Some of the things on there, like the roast and stew, are going to use the same piece of meat. I spent 10 dollars on the roast. That seems like a lot until you realize that I’m using it for 2 night’s meals. The chicken (though this time I happen to have leg quarters in the freezer for soup) can be made using one family pack of chicken, split into 2 portions.

The other thing I started doing, which has little to do with saving money and more to do with saving time, is prepping my veggies and stuff ahead of time and freezing it. I know a lot of people don’t like to freeze fresh veggies, but I’m all for it. I have never noticed anything off about them afterwards. Today, I went shopping, came home, put the baby down for a nap, and while she was sleeping, cut all the veggies that I needed for dinner for the week up and bagged them (I labeled the bags with what was in there, the date, and what it was for – you don’t need to). This saves me from messing up my kitchen (even more) when I make dinner and it stops me from having to cut veggies more than once because, really, who wants to prep veggies all the time?

 

Sports Candy? No, Sprout, I’m Not Buying it.

Ok, Sprout. Here’s the deal: I have been watching you for years now and I’m pretty on board with most of the things you do (Get Up and Go Bars happen in my house on a regular basis). Here’s what I’m not getting: Sports Candy.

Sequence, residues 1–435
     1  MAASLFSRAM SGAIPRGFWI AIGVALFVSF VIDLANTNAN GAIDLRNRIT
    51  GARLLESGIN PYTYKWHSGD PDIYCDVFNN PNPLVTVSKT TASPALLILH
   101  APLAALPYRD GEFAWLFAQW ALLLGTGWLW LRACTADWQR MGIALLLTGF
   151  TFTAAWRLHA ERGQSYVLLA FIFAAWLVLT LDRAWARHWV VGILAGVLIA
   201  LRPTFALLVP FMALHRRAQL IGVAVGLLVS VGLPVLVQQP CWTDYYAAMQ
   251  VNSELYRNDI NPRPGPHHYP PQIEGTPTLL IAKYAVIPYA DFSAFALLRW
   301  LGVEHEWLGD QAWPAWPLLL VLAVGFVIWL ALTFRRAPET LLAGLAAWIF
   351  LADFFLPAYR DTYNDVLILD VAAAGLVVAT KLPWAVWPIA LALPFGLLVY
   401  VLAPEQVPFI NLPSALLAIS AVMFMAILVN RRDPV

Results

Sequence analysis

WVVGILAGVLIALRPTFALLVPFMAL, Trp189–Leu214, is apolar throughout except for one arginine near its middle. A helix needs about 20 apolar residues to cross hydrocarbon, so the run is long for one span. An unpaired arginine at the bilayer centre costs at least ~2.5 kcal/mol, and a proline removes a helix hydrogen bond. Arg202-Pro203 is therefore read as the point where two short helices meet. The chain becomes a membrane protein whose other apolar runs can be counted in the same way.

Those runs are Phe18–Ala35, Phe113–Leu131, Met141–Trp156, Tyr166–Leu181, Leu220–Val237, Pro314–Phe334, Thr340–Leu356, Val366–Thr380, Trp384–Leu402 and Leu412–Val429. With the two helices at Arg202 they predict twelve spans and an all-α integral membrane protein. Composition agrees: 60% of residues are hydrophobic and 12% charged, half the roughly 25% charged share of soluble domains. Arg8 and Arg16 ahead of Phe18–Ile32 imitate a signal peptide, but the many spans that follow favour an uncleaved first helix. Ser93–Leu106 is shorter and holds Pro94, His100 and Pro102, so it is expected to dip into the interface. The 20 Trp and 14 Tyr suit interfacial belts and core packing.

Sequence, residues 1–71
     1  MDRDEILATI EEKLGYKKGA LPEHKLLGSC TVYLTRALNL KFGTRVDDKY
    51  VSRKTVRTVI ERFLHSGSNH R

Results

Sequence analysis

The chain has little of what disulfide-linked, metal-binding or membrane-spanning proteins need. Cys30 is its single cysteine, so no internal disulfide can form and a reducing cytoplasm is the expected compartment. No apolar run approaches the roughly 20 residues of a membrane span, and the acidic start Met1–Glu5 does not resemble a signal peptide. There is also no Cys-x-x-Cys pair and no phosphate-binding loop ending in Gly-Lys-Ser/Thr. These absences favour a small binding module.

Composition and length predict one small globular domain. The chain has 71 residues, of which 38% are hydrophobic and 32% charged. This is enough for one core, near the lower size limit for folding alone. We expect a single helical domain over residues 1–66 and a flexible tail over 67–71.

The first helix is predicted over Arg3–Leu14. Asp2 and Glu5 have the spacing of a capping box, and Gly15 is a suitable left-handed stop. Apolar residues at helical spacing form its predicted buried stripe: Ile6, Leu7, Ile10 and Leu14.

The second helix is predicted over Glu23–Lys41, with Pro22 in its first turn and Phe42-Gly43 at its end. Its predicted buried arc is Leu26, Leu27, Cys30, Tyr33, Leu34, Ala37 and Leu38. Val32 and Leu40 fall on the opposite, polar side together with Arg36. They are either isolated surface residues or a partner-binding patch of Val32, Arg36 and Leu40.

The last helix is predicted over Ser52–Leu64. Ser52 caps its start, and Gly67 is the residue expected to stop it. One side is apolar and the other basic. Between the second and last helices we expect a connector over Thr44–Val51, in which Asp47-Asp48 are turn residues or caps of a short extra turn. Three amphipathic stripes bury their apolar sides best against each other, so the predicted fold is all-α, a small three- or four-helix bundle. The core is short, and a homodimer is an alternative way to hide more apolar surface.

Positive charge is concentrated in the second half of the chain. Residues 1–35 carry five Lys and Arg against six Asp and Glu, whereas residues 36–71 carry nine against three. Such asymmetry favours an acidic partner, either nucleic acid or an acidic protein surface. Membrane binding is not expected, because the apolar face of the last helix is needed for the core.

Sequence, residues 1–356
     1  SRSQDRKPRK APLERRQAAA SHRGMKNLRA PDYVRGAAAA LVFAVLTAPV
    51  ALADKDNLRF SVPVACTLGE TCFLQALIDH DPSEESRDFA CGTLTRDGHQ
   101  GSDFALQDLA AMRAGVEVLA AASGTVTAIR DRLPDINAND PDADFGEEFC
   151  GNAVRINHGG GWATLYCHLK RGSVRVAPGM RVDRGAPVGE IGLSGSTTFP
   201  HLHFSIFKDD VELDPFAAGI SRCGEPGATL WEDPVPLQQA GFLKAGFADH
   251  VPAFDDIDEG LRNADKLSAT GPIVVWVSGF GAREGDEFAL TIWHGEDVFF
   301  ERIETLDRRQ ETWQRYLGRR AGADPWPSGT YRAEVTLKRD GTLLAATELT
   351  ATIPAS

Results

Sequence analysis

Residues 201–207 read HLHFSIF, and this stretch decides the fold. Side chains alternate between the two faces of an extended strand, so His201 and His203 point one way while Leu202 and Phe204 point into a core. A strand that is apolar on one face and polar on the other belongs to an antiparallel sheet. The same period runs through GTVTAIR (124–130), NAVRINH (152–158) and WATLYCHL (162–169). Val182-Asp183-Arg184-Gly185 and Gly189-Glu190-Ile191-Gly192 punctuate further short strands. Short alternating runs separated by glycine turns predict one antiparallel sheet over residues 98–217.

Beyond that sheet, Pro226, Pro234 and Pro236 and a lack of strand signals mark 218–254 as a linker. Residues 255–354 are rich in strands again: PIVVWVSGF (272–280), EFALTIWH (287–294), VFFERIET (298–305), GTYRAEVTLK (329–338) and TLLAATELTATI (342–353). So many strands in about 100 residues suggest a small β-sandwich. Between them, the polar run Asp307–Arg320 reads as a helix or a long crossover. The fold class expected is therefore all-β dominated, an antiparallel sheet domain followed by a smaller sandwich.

Sprout keeps pushing this “sports candy” thing as a euphemism for fruits and veggies. It comes from the show “LazyTown“, which actually was on when I was a kid and is being re-aired (maybe re-done? I don’t know) on Sprout.

My question is…. are kids stubborn or just not stupid? I mean, I know my kids aren’t stupid and I know my kids are stubborn so although, generally speaking, my question is already answered for me, let’s just assume I’m talking specifically about this sports candy thing, because I am. I tried selling a veggie to Haley as “sports candy” and she laughed at me. Does this really work? I’m not really trying to be condescending here because I really want to know. Would selling broccoli to your pre-schooler as candy get them to eat it?

Age? Could age be the trick? Should I give up trying to sell veggies as candy to Haley and just wait for Harper? This show is for pre-schoolers, so surely not, right? I just don’t know.

Sports candy sounds like bs to me. Big time.

 

My New Diet Plan!